Drone users in the UK will be required to do safety awareness tests as part of planned new legislation on their usage.
Police will also be given new powers to crack down on illegal use of the unmanned aerial vehicles.
The government hopes to harness new drone technology which could see them used on oil rigs, in construction, for organ transport and parcel deliveries.
The bill has been welcomed by the pilots’ union, which has warned of near misses involving drones and aircraft.
Balpa said there had been 81 incidents so far this year – up from 71 in 2016 and 29 in 2015.
The union’s general secretary, Brian Strutton, said: “These proposals are a step towards the safe integration of drones, but until the new rules are in place the threat of a serious collision remains.”
In July a drone flew directly over the wing of a large passenger jet as it came into land at London’s Gatwick Airport, which a report said had put 130 lives at risk.
The proposed bill – to be published in spring 2018 – would ensure that owners of drones weighing more than 250g would need to register and sit a test.
Owners would be banned from flying them near airports or at heights above 400ft.
Police could also get new powers to ground and seize drones if they suspect they had been used in criminal activity.
Christian Struwe, head of European public policy at drone maker DJI, warned that some of the proposals may be “difficult to police” – for example the height restriction.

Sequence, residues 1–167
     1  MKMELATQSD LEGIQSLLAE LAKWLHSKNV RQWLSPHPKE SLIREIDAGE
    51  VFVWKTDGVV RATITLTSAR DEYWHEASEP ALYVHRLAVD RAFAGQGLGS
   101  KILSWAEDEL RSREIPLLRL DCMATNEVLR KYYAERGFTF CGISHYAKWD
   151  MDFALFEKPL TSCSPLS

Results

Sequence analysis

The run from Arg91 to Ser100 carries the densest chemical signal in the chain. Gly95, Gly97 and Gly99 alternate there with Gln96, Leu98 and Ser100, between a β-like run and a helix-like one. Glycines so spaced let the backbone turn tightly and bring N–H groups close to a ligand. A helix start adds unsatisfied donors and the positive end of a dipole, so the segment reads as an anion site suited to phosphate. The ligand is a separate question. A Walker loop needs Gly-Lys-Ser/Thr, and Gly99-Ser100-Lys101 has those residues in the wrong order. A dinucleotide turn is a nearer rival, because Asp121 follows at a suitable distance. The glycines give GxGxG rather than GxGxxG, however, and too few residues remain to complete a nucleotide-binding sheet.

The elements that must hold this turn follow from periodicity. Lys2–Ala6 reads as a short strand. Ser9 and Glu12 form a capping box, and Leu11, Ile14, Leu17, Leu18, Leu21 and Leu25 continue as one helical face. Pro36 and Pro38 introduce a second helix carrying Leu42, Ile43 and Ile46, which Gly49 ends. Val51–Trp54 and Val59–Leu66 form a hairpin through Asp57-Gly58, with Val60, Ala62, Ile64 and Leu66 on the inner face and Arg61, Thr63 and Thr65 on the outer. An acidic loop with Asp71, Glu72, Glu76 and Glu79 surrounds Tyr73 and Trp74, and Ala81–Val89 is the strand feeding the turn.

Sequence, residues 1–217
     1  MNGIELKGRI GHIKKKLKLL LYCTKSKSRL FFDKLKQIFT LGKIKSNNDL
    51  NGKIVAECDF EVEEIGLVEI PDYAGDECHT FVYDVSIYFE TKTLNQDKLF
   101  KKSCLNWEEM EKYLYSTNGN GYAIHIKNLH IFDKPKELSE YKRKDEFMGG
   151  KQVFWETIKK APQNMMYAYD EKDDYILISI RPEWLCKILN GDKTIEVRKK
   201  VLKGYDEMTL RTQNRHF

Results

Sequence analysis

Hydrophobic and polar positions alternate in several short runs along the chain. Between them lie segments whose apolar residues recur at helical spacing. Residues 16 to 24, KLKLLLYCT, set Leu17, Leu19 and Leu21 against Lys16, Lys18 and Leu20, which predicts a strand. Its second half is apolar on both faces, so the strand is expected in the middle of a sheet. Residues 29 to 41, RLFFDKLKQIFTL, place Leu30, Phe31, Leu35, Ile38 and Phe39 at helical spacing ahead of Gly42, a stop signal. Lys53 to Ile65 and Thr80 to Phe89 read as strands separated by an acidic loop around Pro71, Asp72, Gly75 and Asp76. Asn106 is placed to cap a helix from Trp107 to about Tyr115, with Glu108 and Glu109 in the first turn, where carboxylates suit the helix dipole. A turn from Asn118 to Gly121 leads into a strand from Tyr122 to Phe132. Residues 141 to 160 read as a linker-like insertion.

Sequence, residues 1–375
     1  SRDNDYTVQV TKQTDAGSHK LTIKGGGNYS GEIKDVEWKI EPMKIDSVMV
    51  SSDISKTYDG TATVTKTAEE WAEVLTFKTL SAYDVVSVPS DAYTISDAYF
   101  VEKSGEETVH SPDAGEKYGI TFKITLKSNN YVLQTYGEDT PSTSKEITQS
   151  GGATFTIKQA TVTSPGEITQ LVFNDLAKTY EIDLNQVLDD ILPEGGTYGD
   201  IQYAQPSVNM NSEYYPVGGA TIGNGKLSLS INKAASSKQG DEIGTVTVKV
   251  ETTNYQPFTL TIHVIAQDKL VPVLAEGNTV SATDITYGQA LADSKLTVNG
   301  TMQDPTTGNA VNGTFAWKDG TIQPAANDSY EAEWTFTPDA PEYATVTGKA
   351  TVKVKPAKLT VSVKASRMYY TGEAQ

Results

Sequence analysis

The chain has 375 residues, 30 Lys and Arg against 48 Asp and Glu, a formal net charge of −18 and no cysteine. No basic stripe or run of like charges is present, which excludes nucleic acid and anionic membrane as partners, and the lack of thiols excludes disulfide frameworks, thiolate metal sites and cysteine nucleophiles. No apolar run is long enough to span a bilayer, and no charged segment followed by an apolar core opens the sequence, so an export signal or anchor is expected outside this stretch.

But he told BBC Breakfast: “The good thing is that as an industry we are already working on it. We can limit how high they can fly.”
Mr Struwe pointed out that currently there is no “hard limit” on how close drones can fly to airports. “The current wording is that you should stay well clear,” he said.
He welcomed the proposals to limit the “bad use” of drones, adding that it was important people are aware there is regulation they need to follow.
Aside from the Civil Aviation Authority’s Drone Code, he said drone users should respect their neighbours’ right to privacy and steer clear of sensitive areas, such as government buildings.
The transport minster, Lady Sugg, said the government wanted to strike the right balance between harnessing drone potential and ensuring they are not misused.
“We’re bringing forward this legislation in order to ensure that drones can be used safely, whilst also addressing some of the safety and privacy concerns that people have,” she said.
The government is also working with drone manufacturers on technology which produces virtual barriers, to stop the machines operating in restricted areas.